Either way – they've BEEN doing this. Depending on where you live, unfortunately, the numbers will be higher or lower.
Eastlands tends to see a lot of these police shootings (or murders, because that's what they are). Once in a while they venture into other neighbourhoods – like the thug who was shot in the middle of Kimathi Street and people applauded, or the son of one of Kenya's top businessmen, who got a weak apology in exchange for the life of his child.
So you see, the context is that we have already been letting the police do this to Kenyans and they know exactly what they are doing and how to get away with it.
If the news is anything to go by, they remain just as confident as the mass murderers in the pre-colonial era today.
What this companion of mine forgot during the meeting is that the police have their role, and executions is not one of them.
The police are supposed to be there to protect and serve the people. You know the motto of the Kenya Police Service – Utumishi kwa Wote, and the motto of the National Police Service, Service with Dignity.
In recent years, it has become the inverse – they use everyone to reach their goals and bribery quotas for the week. It's unfortunate, but it's true. I don't know a lot of people who feel protected when police are around.
We cannot once again let the police extend their mandate to being the judge and the jury, having public executions on open streets.
It's a new level that is unprecedented, that Kenya is not ready for – because then Kenyans will start to think that this is normal.
If there are protesters who are looting, arrest them. The police are the ones with the guns and the tear gas canisters – if anyone should feel threatened, it should be us and the little babies they keep mistakenly shooting.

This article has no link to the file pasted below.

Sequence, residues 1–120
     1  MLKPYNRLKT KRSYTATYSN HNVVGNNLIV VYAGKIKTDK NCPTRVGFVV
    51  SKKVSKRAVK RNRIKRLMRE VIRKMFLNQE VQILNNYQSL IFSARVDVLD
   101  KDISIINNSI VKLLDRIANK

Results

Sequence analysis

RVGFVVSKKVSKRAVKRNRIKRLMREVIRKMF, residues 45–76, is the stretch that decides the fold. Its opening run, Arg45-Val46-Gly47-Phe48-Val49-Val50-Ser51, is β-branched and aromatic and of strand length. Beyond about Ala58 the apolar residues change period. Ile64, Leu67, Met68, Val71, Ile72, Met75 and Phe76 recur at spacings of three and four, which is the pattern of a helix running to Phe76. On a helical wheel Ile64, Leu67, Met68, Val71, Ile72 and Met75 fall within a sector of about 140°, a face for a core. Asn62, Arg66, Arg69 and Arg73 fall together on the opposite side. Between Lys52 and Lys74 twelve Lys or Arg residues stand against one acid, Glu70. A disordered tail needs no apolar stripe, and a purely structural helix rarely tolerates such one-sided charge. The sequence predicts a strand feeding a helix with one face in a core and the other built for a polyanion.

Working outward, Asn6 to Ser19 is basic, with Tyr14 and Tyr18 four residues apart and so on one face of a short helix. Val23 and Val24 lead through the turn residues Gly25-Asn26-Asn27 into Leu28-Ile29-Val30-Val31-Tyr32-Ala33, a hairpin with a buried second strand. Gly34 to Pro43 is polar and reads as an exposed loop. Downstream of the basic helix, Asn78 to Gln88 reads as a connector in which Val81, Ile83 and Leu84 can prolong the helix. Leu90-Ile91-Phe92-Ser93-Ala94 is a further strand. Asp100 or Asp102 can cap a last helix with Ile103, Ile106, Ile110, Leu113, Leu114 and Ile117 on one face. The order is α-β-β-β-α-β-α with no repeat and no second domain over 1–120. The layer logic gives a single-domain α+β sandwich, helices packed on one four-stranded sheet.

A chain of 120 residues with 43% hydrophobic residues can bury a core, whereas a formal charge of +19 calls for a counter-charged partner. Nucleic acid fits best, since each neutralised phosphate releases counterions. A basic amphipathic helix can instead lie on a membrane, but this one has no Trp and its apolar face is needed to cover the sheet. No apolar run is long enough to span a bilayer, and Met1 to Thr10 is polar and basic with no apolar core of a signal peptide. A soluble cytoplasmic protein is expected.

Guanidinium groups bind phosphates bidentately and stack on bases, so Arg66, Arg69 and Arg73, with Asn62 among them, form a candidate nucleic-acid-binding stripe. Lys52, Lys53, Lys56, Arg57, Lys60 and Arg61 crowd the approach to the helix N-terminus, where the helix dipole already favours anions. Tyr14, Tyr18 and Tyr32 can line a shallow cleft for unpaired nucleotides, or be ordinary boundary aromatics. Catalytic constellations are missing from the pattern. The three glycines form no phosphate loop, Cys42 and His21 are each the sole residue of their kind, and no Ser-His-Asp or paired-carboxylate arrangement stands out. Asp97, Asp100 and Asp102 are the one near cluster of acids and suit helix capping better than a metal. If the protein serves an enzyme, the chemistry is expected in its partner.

If anyone should be in control and able to neutralise a situation, from their training, it should be the police. All Kenyans have a right to a fair trial and this should be the case – no pun intended – with every criminal that the police come across.
Otherwise what, then, is the point of a judiciary? What is the point of the provision that Kenyan constitution outlines that dictates one is innocent until proven guilty?
So no. They shouldn't be beating up protesters who have nothing to do with looting, or shooting tear gas canisters directly at the chests of Kenyans who have Kenya's best interests at heart.
As one of these teargas recipients, I know exactly how it feels, how disheartening it can be, when all you were doing was singing and then all you see are fumes.
I pray for peace in this country, but I also pray for justice. I pray that those who take innocent lives wilfully burn in the deepest hells, whether in this life or the next. And I pray that Kenya never gets to a point where killing Kenyans in cold blood on a street becomes a more commonplace occurrence.
As it is, we are already teetering towards a path of no return.